After yesterday and this morning’s bond losses, some buyers were lured into the market this afternoon by the lower prices. Some bargain hunting may also account for the lack of follow-through on yesterday’s run-offing the stock market. Blue chips found additional support from a couple of bullish corporate earnings releases but the tech sector continued to lose ground. By the end of the session, the Dow was up by 0.40%and the S&P 500 by 0.50%. The tech-heavy NASDAQ slipped by 0.44% on the day but this was an improvement from its session low when it was down by 1.75%.
Tomorrow, the main event will be the release of the advance estimate of gross domestic product for the fourth quarter of last year. The latest consensus forecast is for an annualized growth rate of 4.8%, down from an 8.2% rate in the third quarter, but still solidly bullish. GDP is the dollar value of all final goods and services produced by labor or property in the country in a year. Quarterly data is seasonally adjusted and annualized and the percent changes from quarter to quarter indicate the speed and direction of economic activity.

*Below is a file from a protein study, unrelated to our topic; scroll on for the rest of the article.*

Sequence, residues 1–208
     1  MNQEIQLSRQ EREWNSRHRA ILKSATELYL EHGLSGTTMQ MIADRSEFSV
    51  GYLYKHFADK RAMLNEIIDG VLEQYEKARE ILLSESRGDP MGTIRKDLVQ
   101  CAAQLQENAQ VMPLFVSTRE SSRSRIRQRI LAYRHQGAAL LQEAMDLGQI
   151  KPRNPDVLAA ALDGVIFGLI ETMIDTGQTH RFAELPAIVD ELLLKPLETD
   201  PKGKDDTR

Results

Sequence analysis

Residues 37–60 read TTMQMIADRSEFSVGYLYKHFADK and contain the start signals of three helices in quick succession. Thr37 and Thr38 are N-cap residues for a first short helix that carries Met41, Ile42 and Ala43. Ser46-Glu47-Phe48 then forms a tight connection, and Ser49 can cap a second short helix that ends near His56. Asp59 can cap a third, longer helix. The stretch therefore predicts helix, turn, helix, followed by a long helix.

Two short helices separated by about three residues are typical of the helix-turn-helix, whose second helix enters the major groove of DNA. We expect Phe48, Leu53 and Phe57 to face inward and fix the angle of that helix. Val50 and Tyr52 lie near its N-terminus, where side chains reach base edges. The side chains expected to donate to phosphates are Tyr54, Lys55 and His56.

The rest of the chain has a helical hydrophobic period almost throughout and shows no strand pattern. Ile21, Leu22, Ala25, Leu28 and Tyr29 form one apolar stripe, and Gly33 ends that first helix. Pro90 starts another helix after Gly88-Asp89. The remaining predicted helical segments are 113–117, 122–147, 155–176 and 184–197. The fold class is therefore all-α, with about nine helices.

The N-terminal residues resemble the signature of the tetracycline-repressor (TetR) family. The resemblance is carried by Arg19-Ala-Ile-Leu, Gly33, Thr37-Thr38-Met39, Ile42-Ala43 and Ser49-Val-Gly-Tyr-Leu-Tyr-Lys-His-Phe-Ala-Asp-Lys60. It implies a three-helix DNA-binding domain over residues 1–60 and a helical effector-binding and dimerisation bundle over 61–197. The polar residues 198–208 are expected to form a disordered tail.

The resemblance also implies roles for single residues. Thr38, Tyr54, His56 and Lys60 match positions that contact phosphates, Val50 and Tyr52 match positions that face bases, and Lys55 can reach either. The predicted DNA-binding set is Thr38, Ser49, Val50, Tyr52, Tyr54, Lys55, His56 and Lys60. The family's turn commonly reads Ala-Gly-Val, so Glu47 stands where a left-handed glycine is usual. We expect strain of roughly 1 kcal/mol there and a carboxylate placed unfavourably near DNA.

Tomorrow also brings the final read on the University of Michigan’s Consumer Sentiment Index for the month. The release is expected to confirm the preliminary surge in optimism reflected in a reading of 103.2 versus December’s final reading of 92.6. The initial January reading was the highest since November of 2000.
The final release tomorrow is the Chicago Purchasing Managers Index, a gauge of manufacturing activity in this highly industrialized region and an important clue as to what Monday’s index on the national sector will look like. The Chicago PHI hit a nine-year high of 64.1 in November then fell slightly in December to59.2 (a reading above 50.0 indicates expansion relative to the preceding month). Forecasters are predicting reading of 61.5 or 62.0 for January 10:30 AM EST : Treasuries are lower this morning, extending yesterday’s losses while stocks, though mixed at present, are also trending down in early action. In addition to the intensified concern — stemming from yesterday’s Fed announcement — that interest rates may be raised sooner than previously thought, bonds are under pressure from positioning for today’s 2-Year Note auction. The economic news of the day has been largely overlooked.